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Ajoy Edwards ends tea garden hunger strike

Hamro party leader and his wife had joined the stir in support of the workers of Kanchan View estate
Hamro Party chief Edwards with supporters after ending his fast on Monday.
Hamro Party chief Edwards with supporters after ending his fast on Monday.
Telegraph photo

Vivek Chhetri   |   Darjeeling   |   Published 19.04.22, 01:27 AM

Hamro Party president Ajoy Edwards and his wife Namrata on Monday ended their hunger strike in support of the workers of Kanchan View tea garden following the intervention of Darjeeling district magistrate S. Ponnambalam.

Last week, the tea garden opened after six months after an April 6 meeting between the management, the district administration and tea unions, but workers thought that the management was more interested in using the garden for tourism than tea plantation.

The garden did open last Wednesday but the workers and Edwards, whose fledgling party won the Darjeeling civic polls recently, started an agitation.

On Monday, the Darjeeling DM assured the agitators that the uprooting of any new tea bushes would be strictly monitored and access roads to villages in the garden will be made after hearing the concerns of the workers. The management of the tea garden would have to follow all government guidelines and policies and immediately clear legitimate labour dues and retirement benefits, he said, adding that workers will also get a two-month cash aid under the Financial Assistance to the Workers of Locked out Industries (FAWLOI) scheme from the state government.

This apart, the plantation, tourism resort site and other details of the garden are to be demarcated. The demarcation of tea plantation land will be done on Tuesday and another meeting with all stakeholders of the garden will be held at the Darjeeling district magistrate’s office on Wednesday.

Jiten Rai, the advisor of the Gaon Sudhar Sammelan (GSS), a platform of the agitators, said that owing to a positive response to their nine-point demand, the agitation was being withdrawn. “Earlier our issues were not being heard. This time, we have got a positive response,” said Rai.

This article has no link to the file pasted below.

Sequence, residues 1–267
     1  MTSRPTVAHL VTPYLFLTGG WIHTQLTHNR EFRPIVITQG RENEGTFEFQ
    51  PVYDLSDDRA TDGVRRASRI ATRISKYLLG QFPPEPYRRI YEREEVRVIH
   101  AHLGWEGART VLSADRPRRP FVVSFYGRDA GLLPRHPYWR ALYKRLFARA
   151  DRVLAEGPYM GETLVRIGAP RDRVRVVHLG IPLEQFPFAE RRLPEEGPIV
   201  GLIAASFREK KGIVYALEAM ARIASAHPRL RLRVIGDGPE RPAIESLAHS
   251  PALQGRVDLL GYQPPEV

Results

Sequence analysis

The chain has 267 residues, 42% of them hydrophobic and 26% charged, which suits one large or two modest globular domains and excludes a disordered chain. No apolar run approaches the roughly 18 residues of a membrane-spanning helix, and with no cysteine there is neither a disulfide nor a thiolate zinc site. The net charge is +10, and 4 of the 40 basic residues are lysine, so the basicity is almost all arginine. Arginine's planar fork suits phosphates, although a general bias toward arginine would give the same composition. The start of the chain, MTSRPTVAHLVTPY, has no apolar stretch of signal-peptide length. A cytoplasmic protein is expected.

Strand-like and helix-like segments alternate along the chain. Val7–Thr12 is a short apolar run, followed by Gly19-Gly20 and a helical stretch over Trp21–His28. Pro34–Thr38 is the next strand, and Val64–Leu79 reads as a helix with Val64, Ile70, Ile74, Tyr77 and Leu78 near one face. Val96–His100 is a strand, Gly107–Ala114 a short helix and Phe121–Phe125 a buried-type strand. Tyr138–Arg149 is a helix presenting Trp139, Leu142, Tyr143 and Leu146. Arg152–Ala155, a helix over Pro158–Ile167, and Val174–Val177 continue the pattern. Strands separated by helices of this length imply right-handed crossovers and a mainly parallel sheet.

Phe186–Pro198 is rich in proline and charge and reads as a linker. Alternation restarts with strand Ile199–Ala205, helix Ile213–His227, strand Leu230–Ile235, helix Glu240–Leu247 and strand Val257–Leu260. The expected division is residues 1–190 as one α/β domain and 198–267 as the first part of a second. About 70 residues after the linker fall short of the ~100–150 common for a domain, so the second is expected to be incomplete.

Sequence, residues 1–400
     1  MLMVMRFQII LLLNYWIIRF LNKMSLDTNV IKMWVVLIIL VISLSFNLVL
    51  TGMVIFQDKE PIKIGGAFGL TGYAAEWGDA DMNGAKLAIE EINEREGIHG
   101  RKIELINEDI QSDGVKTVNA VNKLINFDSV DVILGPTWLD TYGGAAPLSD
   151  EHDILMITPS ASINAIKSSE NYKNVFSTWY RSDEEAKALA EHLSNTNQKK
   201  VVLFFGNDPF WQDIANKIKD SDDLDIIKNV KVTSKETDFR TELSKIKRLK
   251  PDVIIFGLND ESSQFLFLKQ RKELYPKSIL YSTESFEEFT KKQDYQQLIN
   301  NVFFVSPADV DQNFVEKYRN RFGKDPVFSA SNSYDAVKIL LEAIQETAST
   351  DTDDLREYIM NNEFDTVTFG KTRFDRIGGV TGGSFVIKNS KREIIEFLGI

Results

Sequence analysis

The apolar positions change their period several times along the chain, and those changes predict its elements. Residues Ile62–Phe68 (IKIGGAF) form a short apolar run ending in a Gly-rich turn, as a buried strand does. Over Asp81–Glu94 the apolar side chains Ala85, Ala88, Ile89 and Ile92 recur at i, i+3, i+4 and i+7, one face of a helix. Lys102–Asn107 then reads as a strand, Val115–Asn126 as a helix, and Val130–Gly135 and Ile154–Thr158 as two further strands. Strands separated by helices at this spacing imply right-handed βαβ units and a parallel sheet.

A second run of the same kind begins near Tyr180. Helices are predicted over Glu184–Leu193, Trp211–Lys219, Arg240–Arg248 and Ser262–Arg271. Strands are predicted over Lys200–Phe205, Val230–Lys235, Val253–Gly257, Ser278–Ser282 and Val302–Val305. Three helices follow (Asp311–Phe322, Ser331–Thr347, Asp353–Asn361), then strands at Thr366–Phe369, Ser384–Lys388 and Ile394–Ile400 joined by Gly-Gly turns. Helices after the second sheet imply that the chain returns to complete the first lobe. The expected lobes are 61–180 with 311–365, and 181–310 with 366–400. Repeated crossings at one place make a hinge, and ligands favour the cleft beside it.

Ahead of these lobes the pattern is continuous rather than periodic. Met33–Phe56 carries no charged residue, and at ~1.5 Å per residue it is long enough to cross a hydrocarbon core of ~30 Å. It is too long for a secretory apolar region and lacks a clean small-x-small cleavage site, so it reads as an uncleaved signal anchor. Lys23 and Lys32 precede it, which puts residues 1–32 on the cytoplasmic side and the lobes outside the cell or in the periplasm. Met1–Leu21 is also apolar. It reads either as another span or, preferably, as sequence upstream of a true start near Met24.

On April 6, representatives of the four trade unions affiliated to Gorkha Janmukti Morcha, Bharatiya Prajatantrik Morcha, Gorkha National Liberation Front and Trinamul Congress, along with representatives of the GSS, had discussed the reopening of the tea garden with the management and the district administration.

Edwards’s Hamro Party was not invited as their trade union has not yet been recognised.

However, most workers and the GSS had expressed a “trust deficit” with the leaders of the four unions.

“We did not want the garden to reopen without our issues being considered. But union leaders agreed to reopen the garden in the meeting at Siliguri on April 6,” said Rai.

Roshan Lama, the president of the GSS, said that workers would not join their duties till the Wednesday meeting. “If that meeting is not fruitful, we will start a dharna,” he said.

J.B. Tamang, leader of the BGPM, alleged that the hunger strike had accomplished nothing. “Demarcation of land, clearance of dues and issues regarding roads had been agreed upon in the earlier talks,” said Tamang.


Some founder members of Hamro Party from Kalimpong such as Tribhuwan Rai, Pritam Sharma, Rebica Lepcha, Kaiser Shah, Riwaz Tamang, Lalit Rai, Bikash Kalikota, Binord Kalikotey, Bhakta Rasaily and others left the party on Sunday.

They alleged that their ideology did not match with the party and that the leaders of Darjeeling “looked down" on those from Kalimpong. The resignation comes in the wake of the party announcing the names of members of the central committee and other committees. Some of these leaders weren’t kept in those committees.

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